Hektoen International

A Journal of Medical Humanities

Nicolò Manucci, physician at the Court of Prince Shah Alam in seventeenth-century India

Stephen Martin

Fig. 1. Nicolò Manucci gathering medicinal plants. Anonymous Indian Imperial Moghul Court painter, commissioned by Manucci, probably Aurangabad, possibly Delhi, 1660s/70s. Histoire de l’Inde depuis Tamerlank jusquà Orangzeb: [peinture]. 1 vol. 56 images. BibNatFrance. Estampes et photographie, Reserve-OD-45. 

A teenage stowaway on a ship from Venice in 1653 had an unusual route into medicine. He was Nicolò Manucci (1638–1720, Fig 1). The earliest image of him gathering medicinal herbs in India is in the style of a Moghul imperial artist, probably done in Aurangabad, judging by the pink and brown color of the igneous rocks there, unlike around Delhi. Not only did he spend the rest of his life in India, he later compiled an extraordinary account of his adventures in his Storia do Mogor.1 It was translated into English in 1907 for the Royal Asiatic Society, giving a long and detailed history of Moghul India at the time.

Manucci became interested in medicine, initially studying in India with Jesuit priests. He had a friend send him medical textbooks, becoming a largely self-taught physician. Manucci served as chief physician to Prince Shah Alam, the eldest son of the Moghul Emperor Aurangzeb. He had been impressive in treating an unnamed wife of the Shah for a serious illness, and secretly, for an ear abscess. Her parents knew of his previous successful reputation in Lahore. He was therefore appointed on a salary of 300 rupees a month and given the noble title Mansabdar. Manucci resided in Aurangabad (renamed Sambhajinagar), capital of the central Deccan principality and elsewhere. He refused to serve under the existing Persian chief doctor and worked independently from him and the other doctors, whose jealousy he faced constantly. Manucci commissioned Indian court artists to paint some of the characters and scenes he experienced, which still survive in Paris.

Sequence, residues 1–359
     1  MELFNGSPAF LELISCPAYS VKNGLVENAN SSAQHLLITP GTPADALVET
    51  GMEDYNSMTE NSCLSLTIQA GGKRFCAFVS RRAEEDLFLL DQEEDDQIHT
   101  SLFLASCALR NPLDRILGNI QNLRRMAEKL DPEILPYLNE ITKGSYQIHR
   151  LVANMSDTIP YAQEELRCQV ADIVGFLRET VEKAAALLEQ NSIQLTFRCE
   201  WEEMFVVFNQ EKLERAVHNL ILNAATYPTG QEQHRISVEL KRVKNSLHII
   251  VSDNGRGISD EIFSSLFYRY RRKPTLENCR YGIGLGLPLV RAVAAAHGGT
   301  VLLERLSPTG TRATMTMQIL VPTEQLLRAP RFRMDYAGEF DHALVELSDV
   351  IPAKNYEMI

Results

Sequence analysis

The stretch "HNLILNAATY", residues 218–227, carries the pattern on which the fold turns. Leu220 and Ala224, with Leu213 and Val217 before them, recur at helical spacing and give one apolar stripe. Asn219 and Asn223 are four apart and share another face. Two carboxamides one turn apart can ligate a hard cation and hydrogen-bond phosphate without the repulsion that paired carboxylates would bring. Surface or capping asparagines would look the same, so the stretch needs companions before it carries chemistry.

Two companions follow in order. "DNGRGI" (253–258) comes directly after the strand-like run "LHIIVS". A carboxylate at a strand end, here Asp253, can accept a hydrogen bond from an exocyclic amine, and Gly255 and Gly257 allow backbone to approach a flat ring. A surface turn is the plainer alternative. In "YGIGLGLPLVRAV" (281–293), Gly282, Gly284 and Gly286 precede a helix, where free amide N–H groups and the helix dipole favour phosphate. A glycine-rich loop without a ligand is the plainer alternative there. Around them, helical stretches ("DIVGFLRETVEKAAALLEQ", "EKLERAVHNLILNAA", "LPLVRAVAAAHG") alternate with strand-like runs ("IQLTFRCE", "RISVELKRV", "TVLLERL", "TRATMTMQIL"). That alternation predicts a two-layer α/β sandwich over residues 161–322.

The Shah’s young chambermaid, Dil-jo, had a mental disorder.2 She “suffered from insomnia, and from time to time frightful things overtook her, even to biting her own body.” Manucci’s imaginative remedy was to recommend that she marry. She had a baby and went into full remission. It caught on and other women in the court urged Manucci to prescribe marriage for their feigned illnesses. He obliged and it helped his historical research: “These people were subsequently very grateful for the kindness I had done them, and gave me proof of it from time to time. Thus it is through them that I have been informed of many particulars as to what went on in the court of this prince.